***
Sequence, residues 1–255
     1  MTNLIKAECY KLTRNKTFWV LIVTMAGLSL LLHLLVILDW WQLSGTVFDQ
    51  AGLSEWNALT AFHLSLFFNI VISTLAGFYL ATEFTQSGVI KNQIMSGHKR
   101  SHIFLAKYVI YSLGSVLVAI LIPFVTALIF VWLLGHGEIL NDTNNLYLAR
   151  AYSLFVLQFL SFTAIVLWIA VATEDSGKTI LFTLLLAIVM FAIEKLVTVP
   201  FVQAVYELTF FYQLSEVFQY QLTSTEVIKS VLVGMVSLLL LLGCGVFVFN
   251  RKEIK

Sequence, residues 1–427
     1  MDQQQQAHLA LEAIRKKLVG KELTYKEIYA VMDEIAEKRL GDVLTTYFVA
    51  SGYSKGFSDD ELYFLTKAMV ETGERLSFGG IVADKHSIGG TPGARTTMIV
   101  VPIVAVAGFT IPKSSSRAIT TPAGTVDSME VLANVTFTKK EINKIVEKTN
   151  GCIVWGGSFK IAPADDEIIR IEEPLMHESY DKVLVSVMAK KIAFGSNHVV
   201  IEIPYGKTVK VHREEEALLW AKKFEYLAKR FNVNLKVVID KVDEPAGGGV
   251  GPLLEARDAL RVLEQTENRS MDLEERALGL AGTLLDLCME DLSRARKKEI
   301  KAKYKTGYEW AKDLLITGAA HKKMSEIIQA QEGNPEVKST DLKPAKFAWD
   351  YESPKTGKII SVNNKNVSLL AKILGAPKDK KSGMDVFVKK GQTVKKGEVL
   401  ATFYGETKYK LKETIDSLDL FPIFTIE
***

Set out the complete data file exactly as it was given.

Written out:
Sequence, residues 1–255
     1  MTNLIKAECY KLTRNKTFWV LIVTMAGLSL LLHLLVILDW WQLSGTVFDQ
    51  AGLSEWNALT AFHLSLFFNI VISTLAGFYL ATEFTQSGVI KNQIMSGHKR
   101  SHIFLAKYVI YSLGSVLVAI LIPFVTALIF VWLLGHGEIL NDTNNLYLAR
   151  AYSLFVLQFL SFTAIVLWIA VATEDSGKTI LFTLLLAIVM FAIEKLVTVP
   201  FVQAVYELTF FYQLSEVFQY QLTSTEVIKS VLVGMVSLLL LLGCGVFVFN
   251  RKEIK

Sequence, residues 1–427
     1  MDQQQQAHLA LEAIRKKLVG KELTYKEIYA VMDEIAEKRL GDVLTTYFVA
    51  SGYSKGFSDD ELYFLTKAMV ETGERLSFGG IVADKHSIGG TPGARTTMIV
   101  VPIVAVAGFT IPKSSSRAIT TPAGTVDSME VLANVTFTKK EINKIVEKTN
   151  GCIVWGGSFK IAPADDEIIR IEEPLMHESY DKVLVSVMAK KIAFGSNHVV
   201  IEIPYGKTVK VHREEEALLW AKKFEYLAKR FNVNLKVVID KVDEPAGGGV
   251  GPLLEARDAL RVLEQTENRS MDLEERALGL AGTLLDLCME DLSRARKKEI
   301  KAKYKTGYEW AKDLLITGAA HKKMSEIIQA QEGNPEVKST DLKPAKFAWD
   351  YESPKTGKII SVNNKNVSLL AKILGAPKDK KSGMDVFVKK GQTVKKGEVL
   401  ATFYGETKYK LKETIDSLDL FPIFTIE